I am trying to spin up a webserver using CentOS 6 and Apache. The files for the websites are hosted in a Windows file share. Here is the line from the fstab file to mount the web files: \\\apache /var/www/html cifs credentials=/root/secret.txt,uid=apache,gid=apache 0 0. This seems to be working fine.

Here is the vhost.conf file:

Listen 80
<VirtualHost *:80>
    ServerAdmin webmaster@domain.com
    ServerName sub.domain.com
    DocumentRoot "/var/www/html/domain.com/sub/public_html"
    #ErrorLog /var/www/html/domain.com/sub/logs/error.log
    #CustomLog /var/www/html/domain.com/sub/logs/access.log combined

I ran the command ls -l /var/www/html/domain.com/sub/public_html and here is the output:

total 1
-rwxr-xr-x. 0 apache apache  0 Jan 26 20:43 index2.txt
-rwxr-xr-x. 0 apache apache 45 Jan 26 19:33 index.html

Command ls -l /var/www/html/domain.com/sub output is:

total 0
drwxr-xr-x. 0 apache apache 0 Jan 26 20:00 logs
drwxr-xr-x. 0 apache apache 0 Jan 26 20:43 public_html

When I go to http://sub.domain.com, I get the generic Apache screen. On a whim, I went to the URL http://sub.domain.com/index.html; and the browser said I don't have permission to access the page--same thing for http://sub.domain.com/index2.txt. For the URL http://sub.domain.com/index2.html, the browser said the file does not exist. That tells me my 'fingers' are all pointing in the right directions. Any idea what my problem might be?

The log lines in the vhost.conf file are commented out because httpd would not restart with those. I think it is the same problem.

  • 1
    Checking the server log files should always be the first step in trouble-shooting. I’d suggest that you edit the question to include corresponding lines from Apache’s error.log. The output of apachectl -S can also be useful for ensuring virtual sites are configured correctly. – Anthony Geoghegan Jan 27 '17 at 14:07
  • I suggest you add the logs back again, only with new files outside the shared folder. – yunzen Jan 27 '17 at 14:17
  • 3
    Do you have SELinux in use? – yunzen Jan 27 '17 at 14:22
  • 2
    I think you should check the permissions set with SELinux. – yunzen Jan 27 '17 at 15:18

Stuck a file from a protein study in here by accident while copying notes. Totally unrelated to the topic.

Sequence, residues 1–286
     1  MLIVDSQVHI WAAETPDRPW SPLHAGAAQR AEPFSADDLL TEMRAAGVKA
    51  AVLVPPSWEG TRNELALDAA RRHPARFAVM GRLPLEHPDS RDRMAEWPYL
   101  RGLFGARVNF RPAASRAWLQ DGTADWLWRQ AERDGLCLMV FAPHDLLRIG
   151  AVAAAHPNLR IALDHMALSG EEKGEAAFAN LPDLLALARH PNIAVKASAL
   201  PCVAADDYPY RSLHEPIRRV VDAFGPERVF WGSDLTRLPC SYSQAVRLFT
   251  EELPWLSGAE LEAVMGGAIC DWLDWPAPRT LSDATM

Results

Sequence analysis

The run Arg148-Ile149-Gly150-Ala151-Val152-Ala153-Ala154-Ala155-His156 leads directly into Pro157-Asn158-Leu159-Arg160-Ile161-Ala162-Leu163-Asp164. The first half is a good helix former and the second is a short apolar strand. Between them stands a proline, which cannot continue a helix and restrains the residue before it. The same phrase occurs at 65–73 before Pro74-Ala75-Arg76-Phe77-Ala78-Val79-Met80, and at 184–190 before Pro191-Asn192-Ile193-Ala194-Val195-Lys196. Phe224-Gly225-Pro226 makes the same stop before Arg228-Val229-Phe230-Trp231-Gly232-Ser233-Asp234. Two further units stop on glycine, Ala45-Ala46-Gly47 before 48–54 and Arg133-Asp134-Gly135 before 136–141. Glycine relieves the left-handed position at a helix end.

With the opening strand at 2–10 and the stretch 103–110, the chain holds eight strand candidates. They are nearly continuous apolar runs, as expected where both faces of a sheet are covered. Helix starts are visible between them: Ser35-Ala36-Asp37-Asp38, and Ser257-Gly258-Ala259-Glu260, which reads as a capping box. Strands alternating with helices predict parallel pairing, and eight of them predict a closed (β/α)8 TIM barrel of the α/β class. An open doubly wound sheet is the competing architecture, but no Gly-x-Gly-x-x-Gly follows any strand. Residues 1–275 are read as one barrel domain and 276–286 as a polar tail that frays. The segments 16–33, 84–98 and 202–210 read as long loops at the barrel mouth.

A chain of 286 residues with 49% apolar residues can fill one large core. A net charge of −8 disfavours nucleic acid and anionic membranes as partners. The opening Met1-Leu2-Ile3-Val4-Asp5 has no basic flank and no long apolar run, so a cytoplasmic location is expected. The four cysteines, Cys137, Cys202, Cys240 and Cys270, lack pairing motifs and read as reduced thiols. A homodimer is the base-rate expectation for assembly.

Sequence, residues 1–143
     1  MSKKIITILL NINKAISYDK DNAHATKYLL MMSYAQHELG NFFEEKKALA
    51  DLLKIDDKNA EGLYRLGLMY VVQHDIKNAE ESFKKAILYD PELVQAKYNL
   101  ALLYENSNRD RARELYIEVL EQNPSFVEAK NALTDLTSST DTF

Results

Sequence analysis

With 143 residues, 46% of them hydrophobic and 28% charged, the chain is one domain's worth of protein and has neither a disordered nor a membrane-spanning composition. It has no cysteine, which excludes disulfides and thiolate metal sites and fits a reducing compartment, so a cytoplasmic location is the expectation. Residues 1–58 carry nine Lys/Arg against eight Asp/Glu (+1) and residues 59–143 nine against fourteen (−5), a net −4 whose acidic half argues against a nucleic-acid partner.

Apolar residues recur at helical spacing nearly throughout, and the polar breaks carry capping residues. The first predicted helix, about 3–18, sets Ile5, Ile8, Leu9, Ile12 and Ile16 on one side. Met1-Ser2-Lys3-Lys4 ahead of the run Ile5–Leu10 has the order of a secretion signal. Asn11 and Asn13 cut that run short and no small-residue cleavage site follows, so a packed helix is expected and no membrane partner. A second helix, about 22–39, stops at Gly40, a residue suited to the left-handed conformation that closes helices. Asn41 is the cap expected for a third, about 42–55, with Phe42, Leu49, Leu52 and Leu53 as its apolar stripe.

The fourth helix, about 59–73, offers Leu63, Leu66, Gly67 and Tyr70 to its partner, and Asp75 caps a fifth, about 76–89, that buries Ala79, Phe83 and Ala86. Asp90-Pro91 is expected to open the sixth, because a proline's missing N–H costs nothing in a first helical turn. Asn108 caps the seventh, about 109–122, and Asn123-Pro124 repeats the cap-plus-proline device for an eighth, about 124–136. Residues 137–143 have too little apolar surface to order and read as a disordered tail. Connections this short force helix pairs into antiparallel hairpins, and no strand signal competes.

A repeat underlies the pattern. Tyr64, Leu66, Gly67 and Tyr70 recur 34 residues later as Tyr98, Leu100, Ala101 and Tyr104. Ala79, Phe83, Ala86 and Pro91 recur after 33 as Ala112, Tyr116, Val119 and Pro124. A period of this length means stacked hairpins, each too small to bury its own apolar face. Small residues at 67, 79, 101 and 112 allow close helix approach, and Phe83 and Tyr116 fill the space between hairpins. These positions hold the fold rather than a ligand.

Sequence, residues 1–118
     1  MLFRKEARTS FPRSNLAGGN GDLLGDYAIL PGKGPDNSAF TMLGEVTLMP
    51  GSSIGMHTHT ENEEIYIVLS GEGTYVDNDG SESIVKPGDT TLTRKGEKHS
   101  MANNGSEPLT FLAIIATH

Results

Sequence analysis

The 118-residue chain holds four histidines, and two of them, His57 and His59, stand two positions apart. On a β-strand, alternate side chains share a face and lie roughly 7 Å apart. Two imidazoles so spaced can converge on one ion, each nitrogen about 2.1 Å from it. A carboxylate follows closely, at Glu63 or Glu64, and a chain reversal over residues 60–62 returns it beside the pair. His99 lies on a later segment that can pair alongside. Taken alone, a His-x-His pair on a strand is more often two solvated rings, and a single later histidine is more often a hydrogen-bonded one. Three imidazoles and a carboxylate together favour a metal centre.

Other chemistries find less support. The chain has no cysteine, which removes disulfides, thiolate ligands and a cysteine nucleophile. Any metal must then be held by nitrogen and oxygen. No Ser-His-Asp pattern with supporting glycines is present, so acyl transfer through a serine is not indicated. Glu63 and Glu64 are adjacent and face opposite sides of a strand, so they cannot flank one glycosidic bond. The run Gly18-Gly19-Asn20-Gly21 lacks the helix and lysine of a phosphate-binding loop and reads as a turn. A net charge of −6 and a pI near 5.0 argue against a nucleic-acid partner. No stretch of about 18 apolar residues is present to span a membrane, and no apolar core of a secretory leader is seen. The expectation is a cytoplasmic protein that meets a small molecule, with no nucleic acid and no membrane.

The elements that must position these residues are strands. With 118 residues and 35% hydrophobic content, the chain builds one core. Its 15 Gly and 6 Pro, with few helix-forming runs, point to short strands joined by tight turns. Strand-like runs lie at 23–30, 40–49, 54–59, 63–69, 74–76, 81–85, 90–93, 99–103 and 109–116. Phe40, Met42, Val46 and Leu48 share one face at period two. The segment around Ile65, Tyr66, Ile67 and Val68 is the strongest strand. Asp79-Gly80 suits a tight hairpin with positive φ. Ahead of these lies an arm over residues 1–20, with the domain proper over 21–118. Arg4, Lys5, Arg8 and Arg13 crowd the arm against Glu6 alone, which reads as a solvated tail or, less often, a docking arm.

• 1
    As @AnthonyGeoghegan say check the server error log, and permissions.. unix permissions does not consist only on the destination permissions, the whole path should need at least search permissions if this is a problem in which Apache complains about not having permissions to read. SELInux could very well be the cause of your issues too. – ezra-s Jan 27 '17 at 15:42

Since there are no obvious problems with the Apache settings themselves, it must be a problem with the permissions set by the OS.

Apache requires that the apache user has access to the parent directories as well.

Since CentOS comes with SELinux, this could be the problem as well. Maybe you did not make an active setting of permissions with SELinux, but Linux itself has default SELinux settings for remote mounts.

You can check with ls -Z.

Here is an interesting OP in askubuntu: https://askubuntu.com/questions/451922/apache-access-denied-because-search-permissions-are-missing


We can see in your question that you are running SELinux and have attempted to have Apache read web content from a CIFS share. By default this is not permitted by SELinux, but you can enable it by setting the appropriate boolean.

setsebool -P httpd_use_cifs 1
  • This may work, but it was not necessary. I added a context parameter to the fstab command. – Andrew Jan 30 '17 at 13:23
  • @Andrew That's another way to do it, though I'm confused why you haven't posted an answer with this information, and why you accepted an answer completely unrelated to the solution. – Michael Hampton Jan 30 '17 at 13:25
  • In the comments of my question yunzen's comments pointed me in the direction of SELinux which got my research in the direction I needed. I said I would give him credit if he wrote an answer. But you are correct, his response does not really answer the question. I will write an answer summarizing what I did. – Andrew Jan 30 '17 at 13:31
  • @Andrew Aha. Comments are temporary, and some people don't see them anyway. So as a rule, everything relevant to understanding the question should be edited into the question. – Michael Hampton Jan 30 '17 at 13:33

The problem was with SELinux. The way I mounted the share, the SELinux security context would not allow Apache to access the files in the share. The example at SELinux How Tos just happened to be for Apache.

I used the command ls -Z, not just ls -l, and I saw the SELinux security context of the mounted files were wrong. I changed the line in the fstab file to

\\\apache /var/www/html cifs credentials=/root/apache.pass,uid=apache,gid=apache,context=‌​system_u:object_r:ht‌​tpd_sys_content_t:s0 0 0

This added context parameter I needed for SELinux to allow Apache to access the files.

Your Answer

By clicking “Post Your Answer”, you agree to our terms of service, privacy policy and cookie policy

Not the answer you're looking for? Browse other questions tagged or ask your own question.